Each bit position of an octet has an assigned decimal value or number. If a bit is set to 0 (zero), the bit position value is 0 (zero). If a bit position is set to 1 (one), then the bit position is converted to the decimal value or number assigned to that position. All of the decimal values of the bit positions of an octet are added together to get it’s decimal value. The low-order bit of the octet represents a decimal value of 1 (one), while the high-order bit represents 128. The highest decimal value that an octet may represent is 255 – or all bit positions set to 1 (one). The following table illustrates the bit position values of an octet.

Decimal Bit Values
Binary Bit Values

Given the example above, to find the decimal number associated with this octet, we would add all of the decimal values of the bit positions that have a binary value of 1 (one) together to come up with the octet’s decimal value. So we would add 1 + 2 + 128 together, which equals 131. So this octets value is a decimal dotted notation of 131.

IP Address Classes

There are 5 classes of IP addresses, A, B, C, D, and E. These addresses have a standard range of addresses that are assigned to them, with specific network IDs and host IDs associated as the next table illustrates.

Address ClassIP AddressNetwork IDHost IDAddress RangeUse
Aw.x.y.zwx.y.z1.x.y.z – 126.x.y.zVery large networks – 191.255.y.zLarge networks – 223.255.255.zSmall networks
D224.x.y.z – 239.x.y.zIP Multicasting
E240.x.y.z – 255.x.y.zExperimental

Notice that all addresses that start with 127 are omitted, as these addresses are associated with loop back addresses and local hosts. Do not use any address that starts with 127.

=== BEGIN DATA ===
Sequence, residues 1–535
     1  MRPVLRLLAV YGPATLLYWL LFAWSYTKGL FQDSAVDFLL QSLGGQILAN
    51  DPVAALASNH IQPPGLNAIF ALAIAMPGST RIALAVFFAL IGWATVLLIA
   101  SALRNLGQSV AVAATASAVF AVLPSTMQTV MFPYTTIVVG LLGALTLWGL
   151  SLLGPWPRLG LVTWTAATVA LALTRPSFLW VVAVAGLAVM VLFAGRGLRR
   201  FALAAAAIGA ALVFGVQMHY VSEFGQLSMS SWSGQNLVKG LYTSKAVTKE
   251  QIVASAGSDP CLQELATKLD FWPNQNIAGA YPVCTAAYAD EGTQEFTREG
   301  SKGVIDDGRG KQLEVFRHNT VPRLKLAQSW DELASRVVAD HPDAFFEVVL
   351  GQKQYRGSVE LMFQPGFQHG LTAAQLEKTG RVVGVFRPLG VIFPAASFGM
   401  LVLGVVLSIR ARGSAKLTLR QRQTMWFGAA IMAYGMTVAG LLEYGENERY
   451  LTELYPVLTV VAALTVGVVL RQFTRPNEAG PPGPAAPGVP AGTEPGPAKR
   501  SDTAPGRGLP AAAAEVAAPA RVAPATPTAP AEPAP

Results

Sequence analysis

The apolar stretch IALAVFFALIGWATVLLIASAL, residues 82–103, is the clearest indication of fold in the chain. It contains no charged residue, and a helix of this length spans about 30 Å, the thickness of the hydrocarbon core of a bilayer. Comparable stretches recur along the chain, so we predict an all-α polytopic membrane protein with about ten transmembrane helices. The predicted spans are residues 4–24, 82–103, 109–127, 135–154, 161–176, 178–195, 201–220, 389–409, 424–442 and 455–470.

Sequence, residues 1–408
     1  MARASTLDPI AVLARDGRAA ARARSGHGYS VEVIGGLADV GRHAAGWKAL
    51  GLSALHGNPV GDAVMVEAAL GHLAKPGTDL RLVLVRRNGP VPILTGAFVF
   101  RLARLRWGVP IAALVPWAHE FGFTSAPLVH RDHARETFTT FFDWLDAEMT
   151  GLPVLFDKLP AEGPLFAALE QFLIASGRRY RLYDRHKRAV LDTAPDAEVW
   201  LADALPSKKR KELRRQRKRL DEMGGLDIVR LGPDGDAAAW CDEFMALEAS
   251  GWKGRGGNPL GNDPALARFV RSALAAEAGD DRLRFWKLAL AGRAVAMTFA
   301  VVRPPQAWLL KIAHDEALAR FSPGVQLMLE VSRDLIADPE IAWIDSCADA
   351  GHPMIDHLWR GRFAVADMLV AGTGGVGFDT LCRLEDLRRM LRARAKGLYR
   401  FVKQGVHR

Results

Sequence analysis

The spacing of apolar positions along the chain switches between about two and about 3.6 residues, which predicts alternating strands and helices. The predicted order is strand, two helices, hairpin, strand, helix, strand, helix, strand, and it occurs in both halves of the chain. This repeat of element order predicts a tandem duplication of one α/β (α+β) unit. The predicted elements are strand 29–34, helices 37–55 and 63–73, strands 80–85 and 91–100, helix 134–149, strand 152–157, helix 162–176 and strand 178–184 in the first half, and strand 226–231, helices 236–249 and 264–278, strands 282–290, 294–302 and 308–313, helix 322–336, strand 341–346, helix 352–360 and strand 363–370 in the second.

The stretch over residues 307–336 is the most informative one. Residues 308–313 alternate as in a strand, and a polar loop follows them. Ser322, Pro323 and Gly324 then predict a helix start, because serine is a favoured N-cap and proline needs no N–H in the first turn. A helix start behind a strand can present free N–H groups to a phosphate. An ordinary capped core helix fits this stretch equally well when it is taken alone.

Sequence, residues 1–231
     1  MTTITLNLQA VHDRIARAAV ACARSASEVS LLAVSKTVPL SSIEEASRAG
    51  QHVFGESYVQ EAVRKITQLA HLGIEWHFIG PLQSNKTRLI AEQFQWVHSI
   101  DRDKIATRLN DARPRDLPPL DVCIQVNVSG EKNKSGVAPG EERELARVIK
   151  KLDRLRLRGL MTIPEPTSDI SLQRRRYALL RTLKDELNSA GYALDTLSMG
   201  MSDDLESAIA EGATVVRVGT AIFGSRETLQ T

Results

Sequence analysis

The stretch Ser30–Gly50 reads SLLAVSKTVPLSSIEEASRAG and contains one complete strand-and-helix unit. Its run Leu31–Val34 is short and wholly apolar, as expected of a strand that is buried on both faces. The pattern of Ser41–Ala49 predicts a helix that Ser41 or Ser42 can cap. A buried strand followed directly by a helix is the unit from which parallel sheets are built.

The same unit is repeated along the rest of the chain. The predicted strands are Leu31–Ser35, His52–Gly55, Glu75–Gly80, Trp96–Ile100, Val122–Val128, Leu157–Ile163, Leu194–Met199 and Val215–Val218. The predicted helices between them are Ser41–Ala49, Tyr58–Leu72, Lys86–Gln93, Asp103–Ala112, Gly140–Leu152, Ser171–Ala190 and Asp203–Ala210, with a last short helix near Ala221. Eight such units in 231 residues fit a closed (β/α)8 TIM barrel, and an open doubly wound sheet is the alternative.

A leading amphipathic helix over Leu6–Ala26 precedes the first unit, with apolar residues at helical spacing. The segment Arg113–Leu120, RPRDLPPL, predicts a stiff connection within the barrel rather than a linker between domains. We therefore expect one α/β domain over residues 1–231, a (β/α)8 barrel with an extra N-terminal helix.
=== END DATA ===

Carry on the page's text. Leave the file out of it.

IP Subnet Mask

An IP address by itself is only one half of the required information for TCP/IP addressing to work. Every IP address class has a default subnet mask associated with it. The subnet mask is what differentiates the network ID and the host ID for a given TCP/IP address. In the table above, you can see that for a given class of address, there is a network ID and a host ID associated with it. The subnet mask is what breaks the address into these different pieces. The table below illustrates the default subnet mask for the three main TCP/IP address classes.

Address ClassDefault Subnet Mask

Along with this, there are ways of supernetting, i.e., applying subnet masks that allow a specific class of addresses to be split up, providing more network addresses, and fewer host addresses, for network segmentation than does the default class subnet mask. The table below illustrates some common subnet masks for class C addresses.

Additional bitsSubnet MaskBinary Mask# of Subnets# of hosts per subnet

Using the subnet mask for a class C address, we can figure the actual network numbers and the usable host addresses. The lowest high-order bit has a value of 128 for the subnet mask. If you divide the maximum number of addresses (256) by the lowest high-order bit (128) we find that the number of networks that we end up with is 2 (256/128=2). This lowest high-order bit value also tells us the number of nodes per network (128), but we cannot use the first address in a segment as this is the physical network number, and we cannot use the last address in a segment as this is the broadcast address for the physical network number. So the actual number of usable host addresses is the lowest high-order bit (128) minus 2 (the network number and the broadcast address) or 128-2=126 usable host addresses per segment. If the IP addresses use a subnet mask of, then the network segments would have addresses – and – Since the first address of each segment is the network number, and we cannot use this, so the first usable number is the next IP address of each segment, i.e., for network 0 and for network 128. We also loose the highest IP number for use as the network broadcast address in each segment. So the last IP address that we can use is for network 0 and for network 128. This gives you 2 networks with 126 usable IP addresses for hosts or devices.